Yet, a funny thing happened on the way to Booker’s uncontested primary election victory this June. Buono, who was in Charlotte for the DNC last summer, but spent most of it on the outside looking in as a result of her fall from the graces of the Democratic establishment after the 2011 legislative elections and her replacement as Senate Majority Leader following a failed coup that she and Assembly Majority Leader Joe Cryan tried to engineer, because of deep divisions within the Democratic legislative caucuses over compromises on a variety of issues that the leadership made with Governor Christie, which progressive legislators like Buono, Cryan, and others believed were a betrayal of Democratic Party values, decided that she was not going to wait for Booker to announce his decision or the party bosses to give her the Democratic nomination, and instead announced that she would be running for Governor regardless of what Booker or anybody else was going to do.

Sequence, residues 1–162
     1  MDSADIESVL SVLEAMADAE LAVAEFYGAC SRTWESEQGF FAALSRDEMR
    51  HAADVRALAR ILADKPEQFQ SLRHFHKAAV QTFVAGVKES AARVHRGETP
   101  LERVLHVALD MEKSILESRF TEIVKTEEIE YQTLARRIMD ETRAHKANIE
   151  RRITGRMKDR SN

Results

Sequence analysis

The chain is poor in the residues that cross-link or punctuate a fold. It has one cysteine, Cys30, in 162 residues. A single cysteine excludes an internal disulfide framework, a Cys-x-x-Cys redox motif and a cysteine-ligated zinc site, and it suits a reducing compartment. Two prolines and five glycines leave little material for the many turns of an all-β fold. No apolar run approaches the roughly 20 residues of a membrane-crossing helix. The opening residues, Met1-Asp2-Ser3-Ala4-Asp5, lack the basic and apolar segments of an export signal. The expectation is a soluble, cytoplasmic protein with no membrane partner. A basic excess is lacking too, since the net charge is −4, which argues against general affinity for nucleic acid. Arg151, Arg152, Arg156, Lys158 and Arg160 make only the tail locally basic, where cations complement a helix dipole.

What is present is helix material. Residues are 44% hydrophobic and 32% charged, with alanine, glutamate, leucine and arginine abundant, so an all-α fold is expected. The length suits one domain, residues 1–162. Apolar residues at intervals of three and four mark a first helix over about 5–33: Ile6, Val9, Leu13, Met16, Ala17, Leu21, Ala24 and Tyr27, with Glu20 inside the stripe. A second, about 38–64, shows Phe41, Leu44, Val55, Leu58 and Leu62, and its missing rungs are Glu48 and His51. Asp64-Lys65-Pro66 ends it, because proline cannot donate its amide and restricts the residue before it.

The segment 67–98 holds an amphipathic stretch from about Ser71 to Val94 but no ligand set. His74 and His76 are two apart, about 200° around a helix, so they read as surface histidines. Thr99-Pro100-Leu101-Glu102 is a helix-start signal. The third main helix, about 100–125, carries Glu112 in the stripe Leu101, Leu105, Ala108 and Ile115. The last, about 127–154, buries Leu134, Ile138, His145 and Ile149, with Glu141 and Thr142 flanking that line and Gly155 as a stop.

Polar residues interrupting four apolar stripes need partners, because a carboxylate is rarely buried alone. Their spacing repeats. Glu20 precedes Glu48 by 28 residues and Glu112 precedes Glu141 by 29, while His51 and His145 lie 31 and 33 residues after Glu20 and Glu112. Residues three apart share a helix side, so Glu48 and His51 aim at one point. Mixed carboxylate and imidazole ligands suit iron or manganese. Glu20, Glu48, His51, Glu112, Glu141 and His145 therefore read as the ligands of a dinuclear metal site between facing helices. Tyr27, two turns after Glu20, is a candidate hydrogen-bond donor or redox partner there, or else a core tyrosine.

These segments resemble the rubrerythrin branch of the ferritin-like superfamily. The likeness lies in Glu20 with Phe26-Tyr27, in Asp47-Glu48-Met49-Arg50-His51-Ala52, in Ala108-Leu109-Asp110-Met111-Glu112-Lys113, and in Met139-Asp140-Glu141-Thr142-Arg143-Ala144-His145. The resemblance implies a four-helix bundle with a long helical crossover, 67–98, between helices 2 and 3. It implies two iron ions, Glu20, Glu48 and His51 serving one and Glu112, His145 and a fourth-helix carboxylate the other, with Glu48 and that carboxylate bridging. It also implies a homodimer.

It is unlikely that Buono’s decision to be the first candidate to announce a 2013 gubernatorial run had any impact on Booker’s decision-making, because it is highly unlikely that he was ever going to risk his long-term political ambitions by running against an incumbent Governor who was already popular, albeit for questionable reasons, before Hurricane Sandy and became even moreso afterwards. Had Booker lost to Christie this November, his only option would have been to run for re-election in 2014 in a city where his popularity and number of Facebook friends and Twitter followers is far less than it is statewide and nationwide, where the internet, mass media, and social media tell a much different story than his beleaguered and disappointed constituents.